Shared Border Management: They Choose Not To
The United States Government claims that it just can’t implement any sort of shared border management with the Canadians along the length of the Niagara River. The American personnel from the Department of Homeland Security’s Customs and Border Patrol (CBP) allegedly cannot be permitted to work on the Canadian side of the border because of two factors – their firearms, and the requirement that American inspection personnel be able to stop, question, and fingerprint people who make a U-Turn before entering a US customs plaza that is on Canadian soil. Because liberty.
The fact that Southern Ontario and the Greater Toronto Area has millions of people, and represents a tremendous market opportunity for western New York, we are stymied by Washington’s and Albany’s unwillingness / inability to help integrate the region. We can’t get shared border management approved when the real discussion should be about a customs union with Canada.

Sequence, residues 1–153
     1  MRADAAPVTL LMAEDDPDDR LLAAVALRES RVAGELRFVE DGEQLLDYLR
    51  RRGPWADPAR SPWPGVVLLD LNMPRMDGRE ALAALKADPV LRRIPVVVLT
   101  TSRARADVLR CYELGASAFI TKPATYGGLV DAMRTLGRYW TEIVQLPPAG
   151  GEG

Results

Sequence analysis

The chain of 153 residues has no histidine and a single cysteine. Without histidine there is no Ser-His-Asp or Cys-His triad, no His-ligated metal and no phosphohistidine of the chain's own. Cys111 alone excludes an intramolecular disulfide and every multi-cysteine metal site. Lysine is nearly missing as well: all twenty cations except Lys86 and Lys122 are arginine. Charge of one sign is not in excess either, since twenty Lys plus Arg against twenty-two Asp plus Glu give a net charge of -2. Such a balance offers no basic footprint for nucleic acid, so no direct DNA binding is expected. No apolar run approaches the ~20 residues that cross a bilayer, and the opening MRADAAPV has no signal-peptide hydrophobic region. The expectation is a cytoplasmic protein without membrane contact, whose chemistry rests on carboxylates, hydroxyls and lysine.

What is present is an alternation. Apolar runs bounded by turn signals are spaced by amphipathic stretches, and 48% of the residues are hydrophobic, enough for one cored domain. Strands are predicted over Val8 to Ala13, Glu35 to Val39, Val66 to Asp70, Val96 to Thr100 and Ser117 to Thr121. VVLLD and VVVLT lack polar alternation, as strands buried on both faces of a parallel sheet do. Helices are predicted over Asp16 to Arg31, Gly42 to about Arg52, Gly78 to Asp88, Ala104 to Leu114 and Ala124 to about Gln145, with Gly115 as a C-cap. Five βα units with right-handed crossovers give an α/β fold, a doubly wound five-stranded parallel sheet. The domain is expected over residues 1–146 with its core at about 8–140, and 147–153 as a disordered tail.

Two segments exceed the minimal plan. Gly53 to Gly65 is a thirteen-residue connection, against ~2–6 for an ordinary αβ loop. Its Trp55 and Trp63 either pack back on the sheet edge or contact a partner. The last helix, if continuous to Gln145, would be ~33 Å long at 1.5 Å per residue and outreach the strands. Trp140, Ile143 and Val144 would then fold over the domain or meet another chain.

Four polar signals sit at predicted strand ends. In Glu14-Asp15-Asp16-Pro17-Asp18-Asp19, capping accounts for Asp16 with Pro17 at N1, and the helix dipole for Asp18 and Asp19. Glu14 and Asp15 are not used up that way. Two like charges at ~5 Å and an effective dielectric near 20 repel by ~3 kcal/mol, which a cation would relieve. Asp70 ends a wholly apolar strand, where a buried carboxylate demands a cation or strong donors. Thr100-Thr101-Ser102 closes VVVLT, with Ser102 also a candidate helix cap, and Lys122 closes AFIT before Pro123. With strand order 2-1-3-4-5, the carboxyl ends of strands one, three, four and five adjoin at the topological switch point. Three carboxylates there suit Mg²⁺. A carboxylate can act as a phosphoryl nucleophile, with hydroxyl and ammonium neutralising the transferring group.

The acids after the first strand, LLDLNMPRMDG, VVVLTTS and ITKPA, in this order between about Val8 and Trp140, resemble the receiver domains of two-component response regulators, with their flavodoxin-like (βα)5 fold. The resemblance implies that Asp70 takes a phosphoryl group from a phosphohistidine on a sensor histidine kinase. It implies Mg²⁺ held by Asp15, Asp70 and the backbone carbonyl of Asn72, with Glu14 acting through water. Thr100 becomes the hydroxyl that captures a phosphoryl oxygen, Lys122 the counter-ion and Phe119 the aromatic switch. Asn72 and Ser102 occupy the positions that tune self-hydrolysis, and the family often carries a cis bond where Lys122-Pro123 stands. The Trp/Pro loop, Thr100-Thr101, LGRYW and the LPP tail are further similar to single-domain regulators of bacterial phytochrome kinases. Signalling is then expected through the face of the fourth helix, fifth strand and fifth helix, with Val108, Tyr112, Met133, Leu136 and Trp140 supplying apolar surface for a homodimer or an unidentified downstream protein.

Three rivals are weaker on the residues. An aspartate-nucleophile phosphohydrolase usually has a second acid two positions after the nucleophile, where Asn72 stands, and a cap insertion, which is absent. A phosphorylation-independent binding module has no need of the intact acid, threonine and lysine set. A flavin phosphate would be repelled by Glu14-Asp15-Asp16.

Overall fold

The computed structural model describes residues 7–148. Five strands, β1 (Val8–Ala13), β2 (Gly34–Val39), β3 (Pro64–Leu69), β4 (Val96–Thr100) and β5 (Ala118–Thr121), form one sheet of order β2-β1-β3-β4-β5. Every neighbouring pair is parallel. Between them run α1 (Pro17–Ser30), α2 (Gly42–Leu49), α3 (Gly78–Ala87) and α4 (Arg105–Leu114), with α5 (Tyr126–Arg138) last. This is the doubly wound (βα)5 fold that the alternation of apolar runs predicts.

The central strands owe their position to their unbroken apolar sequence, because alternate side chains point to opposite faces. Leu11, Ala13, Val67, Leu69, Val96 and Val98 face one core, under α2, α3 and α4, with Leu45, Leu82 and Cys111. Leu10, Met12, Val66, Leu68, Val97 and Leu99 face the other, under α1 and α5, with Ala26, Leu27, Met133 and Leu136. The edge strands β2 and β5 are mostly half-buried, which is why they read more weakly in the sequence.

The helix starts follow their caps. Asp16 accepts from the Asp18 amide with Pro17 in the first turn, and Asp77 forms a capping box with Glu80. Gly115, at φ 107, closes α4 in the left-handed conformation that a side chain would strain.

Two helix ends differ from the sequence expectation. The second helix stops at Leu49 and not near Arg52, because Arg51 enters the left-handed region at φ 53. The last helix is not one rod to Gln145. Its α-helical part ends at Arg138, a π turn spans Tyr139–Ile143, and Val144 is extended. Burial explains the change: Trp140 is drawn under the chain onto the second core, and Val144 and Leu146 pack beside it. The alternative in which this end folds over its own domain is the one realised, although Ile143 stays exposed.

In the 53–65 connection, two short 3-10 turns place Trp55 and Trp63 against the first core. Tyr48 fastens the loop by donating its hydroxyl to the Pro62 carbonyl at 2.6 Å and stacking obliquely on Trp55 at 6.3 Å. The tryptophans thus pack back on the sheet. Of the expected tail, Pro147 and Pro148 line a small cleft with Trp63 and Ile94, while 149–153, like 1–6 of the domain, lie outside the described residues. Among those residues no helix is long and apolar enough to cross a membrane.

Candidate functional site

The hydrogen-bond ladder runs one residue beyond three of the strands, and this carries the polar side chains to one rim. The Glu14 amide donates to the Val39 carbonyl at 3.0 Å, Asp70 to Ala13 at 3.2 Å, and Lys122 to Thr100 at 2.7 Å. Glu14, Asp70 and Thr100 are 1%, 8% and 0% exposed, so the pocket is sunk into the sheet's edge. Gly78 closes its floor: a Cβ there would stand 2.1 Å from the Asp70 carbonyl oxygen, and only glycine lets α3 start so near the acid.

Two solutions have been proposed for this very simple solution to the problem of Buffalo’s West Side and Front Park – the first is the “embassy” solution, whereby an American entry inspection plaza in Fort Erie is legally considered to be United States soil, and the second is the “airport” solution, whereby travelers are simply pre-screened by American personnel authorized through treaty to operate on foreign soil. Pre-screening takes place in myriad Caribbean and Canadian airports, so that flights from those countries can arrive at US airports and be treated as domestic ones, easing the burden on CPB here at home, and widening the number of airports that can be served.
You know what else? Look at this picture:
That’s a sign in the Dublin airport. Dublin, Ireland, European Union. There are CPB personnel in Ireland – across the Atlantic Ocean – who are there to pre-screen travelers to the United States. They do it in Toronto, too.
The shared border management idea was first proposed and rejected under President George W. Bush and his Secretary of Homeland Security, Michael Chertoff in 2007. The Obama Administration killed the idea in 2009 after briefly toying with it earlier that year.
If we can accomplish this across the ocean, certainly we can get it done across the Niagara River?